Remembering Dad

WWII Veteran, my father, Edward B. Feathers

All he wanted was to learn to fly. He was a teenager in rural Tennessee, inspired by the heroic flights of the Wright Brothers and then Lindbergh, Dad worked in a little village of Watauga and saved to take flying lessons in near by Johnson City. Soaring over the green hills, he then was seized with a huge desire to leave the poverty and inward directed community of his youth to see the world, to break free.

He had a wonderful mind for math and science, eventually graduating with a degree in physics from East Tennessee State College (his mother walked the graduation stage for him as the US colleges awarded a full degree to all the men and women serving in the military in WWII in their last year of college but not able to finish due to the war).

Dad joined the Army Air Corps when Pearl Harbor was bombed. All the country kids who had not made entry into the military were now able to join up as the USA took everyone willing. Most of the rural kids did not have the best of health, having suffered as children through the Depression, a time my Dad recalled as being hungry all the time. America’s poor citizens comprised a good half of the country back then. Farmers all.

He became a bomber pilot, Captain of a B-29 crew, which he ably led through terrible, death defying excursions in the Pacific, flying over Saipan and Tokyo on bombing raids. His crew included men as young as 19. Dad told many stories from this period of his life, naturally, as it remained the most dramatic of the remaining 75 years (he lived to 95 in reasonably good health to the end).

I think of him every Memorial Day since he passed in 2012 on Pearl Harbor Day ironically. To the end, he worried he’d not be forgiven for killing people on those low level bombing raids. “We could smell flesh burning, Susan!” he recalled often.

The men and women who serve in the nation’s military carry the burden of killing, of maiming in the name of us. We must always remember that what we ask them to do in defense of our way of life is very serious and has life long consequences for them. Honor your war heroes, and let us never forget them and their devotion to the cause of America.

The Good Mind

The legacy of the Peacemaker [the man credited with bringing the Iroquois Nations together under a Pax Iroquois] is best illustrated in his concept of The Good Mind. The Peacemaker believed that a healthy mind naturally seeks peace and that a nation of individuals using reason and harboring good will in their hearts can not only establish peace in the worst circumstances but maintain it forever.

At the time the Peacemaker was born, the region was beset by wars among the five tribes (Onandaga, Mohawk, Huron, Seneca, and Cayuga). In some areas the hatred ran so deep that individual warriors practiced cannibalism on their enemies. These dark times were at least 1,000 years before the Europeans arrived in what is now New York State.

There are noteworthy circumstances surrounding the Peacemaker. First, his grandmother had a dream that a great man would be born who would save the tribes from utter destruction. He  was recognized as a youth for his exceptional qualities of mind as someone who would become a leader. But he had a problem—a speech impediment (stuttering)—which later required the assistance of the great Iroquois orator, Hiawatha, to help him accomplish his mission to bring the tribes of his nation together under the Great Tree of Peace—the democracy of constitutional laws and principles that exist to this day.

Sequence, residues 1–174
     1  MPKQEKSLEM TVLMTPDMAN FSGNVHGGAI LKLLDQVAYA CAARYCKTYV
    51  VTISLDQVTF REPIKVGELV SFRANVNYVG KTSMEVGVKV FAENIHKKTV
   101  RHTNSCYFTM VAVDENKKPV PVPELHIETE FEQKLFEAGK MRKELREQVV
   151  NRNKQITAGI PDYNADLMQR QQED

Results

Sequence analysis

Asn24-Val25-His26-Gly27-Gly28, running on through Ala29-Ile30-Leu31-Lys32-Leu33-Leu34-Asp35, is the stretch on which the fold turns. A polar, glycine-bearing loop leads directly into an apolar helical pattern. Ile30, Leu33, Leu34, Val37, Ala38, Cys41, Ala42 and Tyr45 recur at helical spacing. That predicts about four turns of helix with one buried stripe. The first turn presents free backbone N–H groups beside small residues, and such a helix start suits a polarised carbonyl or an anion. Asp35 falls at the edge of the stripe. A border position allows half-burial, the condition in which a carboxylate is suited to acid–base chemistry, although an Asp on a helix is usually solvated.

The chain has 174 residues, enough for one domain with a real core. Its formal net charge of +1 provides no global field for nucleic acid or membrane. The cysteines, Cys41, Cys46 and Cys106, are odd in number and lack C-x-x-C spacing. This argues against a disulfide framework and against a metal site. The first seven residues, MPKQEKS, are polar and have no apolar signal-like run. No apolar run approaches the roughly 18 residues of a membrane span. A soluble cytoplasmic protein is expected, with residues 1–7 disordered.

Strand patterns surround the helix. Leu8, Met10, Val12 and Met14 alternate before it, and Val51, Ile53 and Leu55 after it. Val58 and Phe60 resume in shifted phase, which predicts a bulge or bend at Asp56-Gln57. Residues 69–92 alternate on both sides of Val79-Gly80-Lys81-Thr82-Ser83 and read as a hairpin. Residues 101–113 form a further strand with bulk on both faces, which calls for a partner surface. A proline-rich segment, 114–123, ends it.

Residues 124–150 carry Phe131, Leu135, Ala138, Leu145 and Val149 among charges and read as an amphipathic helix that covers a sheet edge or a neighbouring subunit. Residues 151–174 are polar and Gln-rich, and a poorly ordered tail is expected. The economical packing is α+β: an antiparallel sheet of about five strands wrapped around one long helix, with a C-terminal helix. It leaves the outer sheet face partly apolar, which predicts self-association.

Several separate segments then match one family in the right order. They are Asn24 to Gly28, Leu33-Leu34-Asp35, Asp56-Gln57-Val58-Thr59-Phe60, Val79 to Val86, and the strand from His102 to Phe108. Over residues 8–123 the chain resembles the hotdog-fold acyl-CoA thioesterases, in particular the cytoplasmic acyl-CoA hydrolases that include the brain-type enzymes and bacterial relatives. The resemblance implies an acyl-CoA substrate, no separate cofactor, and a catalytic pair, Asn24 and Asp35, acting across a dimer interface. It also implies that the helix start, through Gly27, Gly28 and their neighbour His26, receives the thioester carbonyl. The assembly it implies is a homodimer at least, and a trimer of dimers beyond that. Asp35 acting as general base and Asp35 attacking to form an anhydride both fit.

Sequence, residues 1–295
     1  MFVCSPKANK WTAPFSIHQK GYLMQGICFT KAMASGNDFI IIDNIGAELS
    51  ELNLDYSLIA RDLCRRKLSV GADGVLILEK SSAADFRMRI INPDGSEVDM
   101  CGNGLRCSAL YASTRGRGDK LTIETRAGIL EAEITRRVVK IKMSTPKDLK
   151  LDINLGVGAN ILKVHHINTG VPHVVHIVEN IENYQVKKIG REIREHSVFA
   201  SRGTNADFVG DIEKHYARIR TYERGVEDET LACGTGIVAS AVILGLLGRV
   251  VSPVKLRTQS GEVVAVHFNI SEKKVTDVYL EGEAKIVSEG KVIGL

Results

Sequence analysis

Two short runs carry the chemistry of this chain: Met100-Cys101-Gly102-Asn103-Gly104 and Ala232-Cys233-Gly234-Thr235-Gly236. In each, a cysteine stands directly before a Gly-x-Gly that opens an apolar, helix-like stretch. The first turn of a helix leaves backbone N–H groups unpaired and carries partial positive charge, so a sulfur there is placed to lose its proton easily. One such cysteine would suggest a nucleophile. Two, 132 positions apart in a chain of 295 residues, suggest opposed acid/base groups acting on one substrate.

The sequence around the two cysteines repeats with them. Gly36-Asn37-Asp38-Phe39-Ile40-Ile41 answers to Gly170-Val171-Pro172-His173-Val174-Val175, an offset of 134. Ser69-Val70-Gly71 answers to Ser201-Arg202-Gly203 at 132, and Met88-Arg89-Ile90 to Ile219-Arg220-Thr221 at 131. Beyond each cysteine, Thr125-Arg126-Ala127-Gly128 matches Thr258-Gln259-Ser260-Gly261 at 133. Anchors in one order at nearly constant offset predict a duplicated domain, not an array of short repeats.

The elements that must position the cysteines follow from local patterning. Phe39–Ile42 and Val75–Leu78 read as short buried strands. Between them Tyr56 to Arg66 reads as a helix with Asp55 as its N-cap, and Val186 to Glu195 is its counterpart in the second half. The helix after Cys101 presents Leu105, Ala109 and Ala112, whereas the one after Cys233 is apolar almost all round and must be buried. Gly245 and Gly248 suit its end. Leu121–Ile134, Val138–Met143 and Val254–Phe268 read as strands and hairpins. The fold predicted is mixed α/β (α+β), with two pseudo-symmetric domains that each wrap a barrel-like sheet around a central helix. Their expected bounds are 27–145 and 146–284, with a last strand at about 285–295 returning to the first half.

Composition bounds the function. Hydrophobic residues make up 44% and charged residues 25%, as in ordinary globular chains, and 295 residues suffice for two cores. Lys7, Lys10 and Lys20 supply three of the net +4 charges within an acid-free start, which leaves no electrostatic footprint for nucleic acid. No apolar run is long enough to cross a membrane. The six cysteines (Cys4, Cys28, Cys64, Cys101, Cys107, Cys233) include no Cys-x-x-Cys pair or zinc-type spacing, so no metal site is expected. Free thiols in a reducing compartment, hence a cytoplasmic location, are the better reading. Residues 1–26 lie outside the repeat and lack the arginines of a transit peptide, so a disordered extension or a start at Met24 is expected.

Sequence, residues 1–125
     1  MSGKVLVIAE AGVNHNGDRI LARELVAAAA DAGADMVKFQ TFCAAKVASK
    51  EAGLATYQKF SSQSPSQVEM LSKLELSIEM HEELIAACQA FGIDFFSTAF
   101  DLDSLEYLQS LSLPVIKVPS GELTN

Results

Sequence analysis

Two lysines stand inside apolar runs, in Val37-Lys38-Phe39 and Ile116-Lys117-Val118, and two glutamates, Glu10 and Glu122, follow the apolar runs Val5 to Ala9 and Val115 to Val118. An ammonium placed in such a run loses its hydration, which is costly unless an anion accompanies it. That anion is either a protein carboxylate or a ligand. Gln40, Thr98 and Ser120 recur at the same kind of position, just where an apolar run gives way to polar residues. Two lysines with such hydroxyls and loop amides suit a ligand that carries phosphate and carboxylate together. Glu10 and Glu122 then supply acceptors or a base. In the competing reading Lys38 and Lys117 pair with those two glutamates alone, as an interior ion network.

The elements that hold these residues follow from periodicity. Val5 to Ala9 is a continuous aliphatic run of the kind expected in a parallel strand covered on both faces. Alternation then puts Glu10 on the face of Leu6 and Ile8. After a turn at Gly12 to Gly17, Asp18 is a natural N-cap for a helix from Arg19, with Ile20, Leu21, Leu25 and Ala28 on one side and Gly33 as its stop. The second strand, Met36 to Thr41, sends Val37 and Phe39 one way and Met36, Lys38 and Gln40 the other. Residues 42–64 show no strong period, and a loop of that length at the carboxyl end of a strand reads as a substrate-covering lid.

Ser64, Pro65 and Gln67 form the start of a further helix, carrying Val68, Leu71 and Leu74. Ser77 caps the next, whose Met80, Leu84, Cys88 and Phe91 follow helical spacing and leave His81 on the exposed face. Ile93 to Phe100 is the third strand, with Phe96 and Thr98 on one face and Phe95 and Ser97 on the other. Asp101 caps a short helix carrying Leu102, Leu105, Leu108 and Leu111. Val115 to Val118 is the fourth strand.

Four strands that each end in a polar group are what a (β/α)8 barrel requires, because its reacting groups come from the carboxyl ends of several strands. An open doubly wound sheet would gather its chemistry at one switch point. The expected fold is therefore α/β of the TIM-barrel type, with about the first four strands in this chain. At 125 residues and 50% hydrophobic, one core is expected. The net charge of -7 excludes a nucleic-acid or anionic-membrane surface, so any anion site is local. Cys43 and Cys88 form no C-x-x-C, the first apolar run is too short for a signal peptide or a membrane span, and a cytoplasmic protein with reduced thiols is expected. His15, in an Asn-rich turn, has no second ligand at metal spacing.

When I began studying with my teachers in Yuma, Arizona (see previous blog post, The First American Democracy) I was completely unaware of this body of law, the Iroquois legacy of which some passed into the U.S. Constitution, nor was I aware that the Iroquois Confederacy had maintained peaceful coexistence for 750 years before the founding of the fledgling American democracy.

The most important lesson of my four years of study was the reading of Basic Call to Consciousness, written as an address to Western civilization in the 1970’s when the Iroquois were still under threat and domination by the powers that be: the Canadian government and New York State legislature. Basic Call is still relevant in its astute analysis of the values that drive Western societies and how they lead to the destruction of the very basis of life.

In Basic Call to Consciousness Americans have a useful guidebook on how to strengthen our own democracy by broadening our bill of rights to include the natural world and all the life in it as sacred because,  everything emanates from our common Creator. Practically, the document gave the early constitutional authors further reason to formulate a bicameral congress and institute a process of checks and balances. For example, the Peacemaker charged the women of the tribe to act as arbiters of peace by choosing the male leaders and representatives and removing them should their thoughts and actions stray from the sacred purpose of the Great Law.

I remember being shocked to find this gem of a small book in whose pages lay all the wisdom needed to solve entrenched political, economic, and relational problems here and abroad.  But I realized the document was politically dangerous in the U.S. precisely because it would prevent greed and avarice from being the dominant drivers in our social and cultural enterprises. In fact, when my teachers suggested I read it, the book was out of print and hard to find. But I eventually did find a used copy at the Bohdi Tree bookstore in Los Angeles. It was considered an occult book and probably still is by a society that relegates any true challenge to its economic values as dangerous and suspect.

Today you can find Basic Call to Consciousness on to support independent book stores. I consider that progress!